The U.S. Environmental Protection Agency Wednesday presented the President’s Environmental Youth Award to May Wang from Bucks County and the President’s Innovations in Environmental Education Award to David Andrews of Butler County.

Outdoor Celebration For Military Families Highlights Special Recreation Event Sept. 6
Military service members, veterans and their families are invited to a free day of recreation at Gifford Pinchot State Park on September 6 from 10:00 a.m. to 3:00 p.m. with the PA Parks and Forests Foundation.

DEP New Stanton District Mining Office Opens Replacing Greensburg, Uniontown

The Department of Environmental Protection Greensburg and Uniontown district offices will begin operating out of a new location beginning on September 2.
The just-completed building is convenient to the Pennsylvania Turnpike and I-70, located at 131 Broadview Road, New Stanton, PA 15672. The phone number for the office is 724-925-5500.
The New Stanton Office consolidates staff from DEP’s Mine Safety, District Mining, Field Operations and Oil and Gas Management Programs. Employees from both offices will be moving in between September 2 and 4.
The 38,000 square foot building is designed to be energy efficient, utilizing many materials with a high recyclable content. The offices feature energy efficient lighting, a highly efficient heating and air-conditioning system controlled by an automated building management system and water saving, low flow toilets and bathroom fixtures.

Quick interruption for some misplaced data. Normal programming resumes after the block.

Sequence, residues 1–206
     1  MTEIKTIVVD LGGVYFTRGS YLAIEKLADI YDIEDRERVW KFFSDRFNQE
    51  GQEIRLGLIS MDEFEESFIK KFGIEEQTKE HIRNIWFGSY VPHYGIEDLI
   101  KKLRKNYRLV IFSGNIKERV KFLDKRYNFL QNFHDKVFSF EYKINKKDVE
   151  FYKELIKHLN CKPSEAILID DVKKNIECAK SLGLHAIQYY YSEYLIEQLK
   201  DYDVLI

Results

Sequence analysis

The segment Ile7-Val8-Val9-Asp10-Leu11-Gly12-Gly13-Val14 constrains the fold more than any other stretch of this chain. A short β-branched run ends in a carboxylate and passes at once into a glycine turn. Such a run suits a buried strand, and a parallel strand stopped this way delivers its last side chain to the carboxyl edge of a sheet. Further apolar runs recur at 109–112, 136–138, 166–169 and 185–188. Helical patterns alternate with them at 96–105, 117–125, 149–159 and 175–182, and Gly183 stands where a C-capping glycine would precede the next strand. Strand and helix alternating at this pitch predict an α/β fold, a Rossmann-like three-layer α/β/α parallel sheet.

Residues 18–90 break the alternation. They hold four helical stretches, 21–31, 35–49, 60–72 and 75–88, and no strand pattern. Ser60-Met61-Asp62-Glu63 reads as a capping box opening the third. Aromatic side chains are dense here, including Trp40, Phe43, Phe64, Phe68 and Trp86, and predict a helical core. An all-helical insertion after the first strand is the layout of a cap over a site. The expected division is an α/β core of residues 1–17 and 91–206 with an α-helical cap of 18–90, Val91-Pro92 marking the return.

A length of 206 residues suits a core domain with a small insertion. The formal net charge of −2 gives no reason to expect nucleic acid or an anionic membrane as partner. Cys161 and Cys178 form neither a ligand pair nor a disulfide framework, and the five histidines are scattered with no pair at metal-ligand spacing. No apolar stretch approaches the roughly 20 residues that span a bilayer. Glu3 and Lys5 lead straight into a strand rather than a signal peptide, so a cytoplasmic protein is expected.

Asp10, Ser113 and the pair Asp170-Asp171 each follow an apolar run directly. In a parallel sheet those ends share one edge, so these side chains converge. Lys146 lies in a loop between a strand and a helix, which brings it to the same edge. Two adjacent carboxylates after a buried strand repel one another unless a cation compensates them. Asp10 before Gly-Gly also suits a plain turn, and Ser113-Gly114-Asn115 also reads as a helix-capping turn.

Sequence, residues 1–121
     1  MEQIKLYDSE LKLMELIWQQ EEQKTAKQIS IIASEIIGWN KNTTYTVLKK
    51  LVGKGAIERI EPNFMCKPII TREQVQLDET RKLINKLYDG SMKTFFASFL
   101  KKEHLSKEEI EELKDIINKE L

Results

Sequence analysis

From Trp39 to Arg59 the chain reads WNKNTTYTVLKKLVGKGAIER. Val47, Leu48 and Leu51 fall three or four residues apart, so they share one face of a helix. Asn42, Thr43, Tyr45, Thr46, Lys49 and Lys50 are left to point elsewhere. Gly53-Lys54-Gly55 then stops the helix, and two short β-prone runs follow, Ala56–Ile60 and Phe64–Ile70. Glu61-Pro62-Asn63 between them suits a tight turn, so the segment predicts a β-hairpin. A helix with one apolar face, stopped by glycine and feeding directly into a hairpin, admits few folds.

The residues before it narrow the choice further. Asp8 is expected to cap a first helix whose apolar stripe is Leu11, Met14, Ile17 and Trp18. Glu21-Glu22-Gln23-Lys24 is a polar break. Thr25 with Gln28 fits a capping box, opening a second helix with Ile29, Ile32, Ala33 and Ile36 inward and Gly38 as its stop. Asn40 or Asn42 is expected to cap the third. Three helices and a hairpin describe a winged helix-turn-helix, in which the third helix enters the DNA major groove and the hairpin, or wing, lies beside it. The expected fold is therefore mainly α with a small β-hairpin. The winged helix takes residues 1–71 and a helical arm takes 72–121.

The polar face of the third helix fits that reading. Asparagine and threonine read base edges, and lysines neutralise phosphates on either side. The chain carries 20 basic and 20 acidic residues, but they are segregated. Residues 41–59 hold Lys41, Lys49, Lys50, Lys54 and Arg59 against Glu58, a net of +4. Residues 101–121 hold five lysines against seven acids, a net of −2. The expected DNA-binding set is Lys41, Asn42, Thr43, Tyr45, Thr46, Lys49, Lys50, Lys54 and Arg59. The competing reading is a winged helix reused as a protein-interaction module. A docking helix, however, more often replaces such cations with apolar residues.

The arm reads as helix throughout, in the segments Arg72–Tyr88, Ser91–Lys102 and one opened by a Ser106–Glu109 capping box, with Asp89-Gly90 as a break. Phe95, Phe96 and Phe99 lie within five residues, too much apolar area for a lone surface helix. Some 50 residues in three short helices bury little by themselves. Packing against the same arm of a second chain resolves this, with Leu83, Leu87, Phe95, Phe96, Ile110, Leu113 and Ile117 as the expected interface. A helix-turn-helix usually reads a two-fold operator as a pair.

For more information, call 412-442-4400.

Analysis: DEP Lists Water Supplies Damaged, High Hydrogen Sulfide Emissions From Gas Drilling

The Department of Environmental Protection Thursday released a table listing the 243 water supplies found by DEP to be contaminated by oil and natural gas drilling from 2008 to 2014, about 1.2 percent of new wells drilled during that time period.
Other complaints are still being investigated.
According to Scott Perry, DEP Deputy Secretary for Oil and Gas Management, about half the water supplies were damaged by conventional oil and gas wells and about half were unconventional (Marcellus Shale) gas wells.
The problems include methane gas contamination, spills of wastewater and other pollutants, and wells that went dry or were otherwise rendered undrinkable.
The records show that some of the problems were temporary.
The table with links to the letters of determination by DEP or the orders issued to correct the problems.
DEP also posted a list of 19 oil and gas wells that have high levels of hydrogen sulfide emissions-- greater than 20 ppm.  14 of the wells with high emissions were conventional oil and gas wells and 5 were unconventional (Marcellus Shale) wells.
7 of the wells are still active, 8 have been plugged, 2 were abandoned wells and 2 are in regulatory inactive status (inactive, but not abandoned or producing).
Hydrogen sulfide can cause conjunctivitis  and respiratory tract irritation at levels of 50 to 100 ppm and loss of consciousness and possibly death after 30 minutes of exposure at levels of 500 to 700 ppm.
DEP reports 20,178 conventional and unconventional oil and gas wells were drilled between January 2008 and the end of July 2014.  There were 12,098 conventional wells and 8,080 unconventional (Marcellus Shale) wells.
Copies of the list of damaged water supplies and the wells with hydrogen sulfide emissions are available online.

Friday NewsClips

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Thursday, August 28, 2014

PA American Water Works Assn. Offers Fall Training Schedule

The PA Section-American Water Works Association recently posted its fall training schedule.  Click Here for a list of available training opportunities.